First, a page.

• Nausea, cold sweats - late hunger

Appetite is our interest in food. It usually accompanies hunger, but it can also be stimulated by sensory triggers (walking past a bakery), habit ("I always have a snack at this time"), or emotions (wanting food when sad or anxious). Most of us are familiar with the experience of a food "calling to us" when we are clear that we are not hungry, and eating under these circumstances once in a while is totally normal. A frequent tendency to eat from appetite rather than hunger, however, is likely to create inappropriate weight gain because it promotes consumption of calories that the body has no use for. Appetite is linked to our innate need for pleasure, and can be aggravated by food deprivation, but it can also be exacerbated by a lack of fun, not enough relaxation, and insufficient outlets for soothing and comfort. Our appetite for food stays more manageable when we eat enough, when we eat things we really enjoy, and when we have many other ways of relaxing and having fun. To learn more about the link between emotions, self-care needs, and eating, look at our section on Emotional Eating below.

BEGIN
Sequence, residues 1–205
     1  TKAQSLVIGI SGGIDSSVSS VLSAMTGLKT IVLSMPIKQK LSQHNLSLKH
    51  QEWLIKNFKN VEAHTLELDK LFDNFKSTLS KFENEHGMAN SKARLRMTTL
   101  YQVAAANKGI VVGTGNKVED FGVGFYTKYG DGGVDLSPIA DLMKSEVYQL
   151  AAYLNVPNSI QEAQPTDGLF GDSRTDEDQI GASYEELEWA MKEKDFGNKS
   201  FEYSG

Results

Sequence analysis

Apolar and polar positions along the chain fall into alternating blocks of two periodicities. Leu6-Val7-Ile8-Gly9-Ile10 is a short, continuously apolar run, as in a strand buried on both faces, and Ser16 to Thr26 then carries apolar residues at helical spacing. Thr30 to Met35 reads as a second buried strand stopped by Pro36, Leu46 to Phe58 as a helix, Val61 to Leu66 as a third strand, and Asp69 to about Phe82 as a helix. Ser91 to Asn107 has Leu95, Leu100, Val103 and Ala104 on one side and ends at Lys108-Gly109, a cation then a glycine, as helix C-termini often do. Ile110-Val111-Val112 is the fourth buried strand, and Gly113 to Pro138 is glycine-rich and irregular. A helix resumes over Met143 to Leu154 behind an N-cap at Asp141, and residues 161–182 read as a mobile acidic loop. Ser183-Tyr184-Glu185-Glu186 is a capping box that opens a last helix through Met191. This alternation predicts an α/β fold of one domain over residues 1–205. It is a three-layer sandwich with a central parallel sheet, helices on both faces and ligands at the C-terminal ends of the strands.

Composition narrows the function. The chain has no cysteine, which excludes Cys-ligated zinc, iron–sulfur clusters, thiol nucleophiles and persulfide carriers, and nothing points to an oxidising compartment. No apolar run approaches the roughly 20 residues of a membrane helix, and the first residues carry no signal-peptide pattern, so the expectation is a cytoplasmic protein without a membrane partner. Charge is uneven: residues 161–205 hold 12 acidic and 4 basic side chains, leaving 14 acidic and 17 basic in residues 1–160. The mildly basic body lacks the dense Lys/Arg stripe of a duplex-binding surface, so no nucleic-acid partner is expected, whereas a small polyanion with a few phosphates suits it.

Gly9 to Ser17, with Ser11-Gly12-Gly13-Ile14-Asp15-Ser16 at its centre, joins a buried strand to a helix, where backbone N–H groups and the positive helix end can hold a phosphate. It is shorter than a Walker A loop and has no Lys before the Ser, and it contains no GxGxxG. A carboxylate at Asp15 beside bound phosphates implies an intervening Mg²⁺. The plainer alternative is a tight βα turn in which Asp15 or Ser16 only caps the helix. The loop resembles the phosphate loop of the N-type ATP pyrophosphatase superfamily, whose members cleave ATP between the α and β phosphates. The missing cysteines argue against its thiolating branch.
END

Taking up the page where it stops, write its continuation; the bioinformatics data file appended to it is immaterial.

And what if you aren't sure whether you are truly full?

Fullness is the physiological expression of the body having received enough energy at a meal or snack. The experience of fullness can be affected by a variety of food-related factors:

  • High-fiber wholegrains help to fill us up at meals and snacks, and keep us feeling full for longer.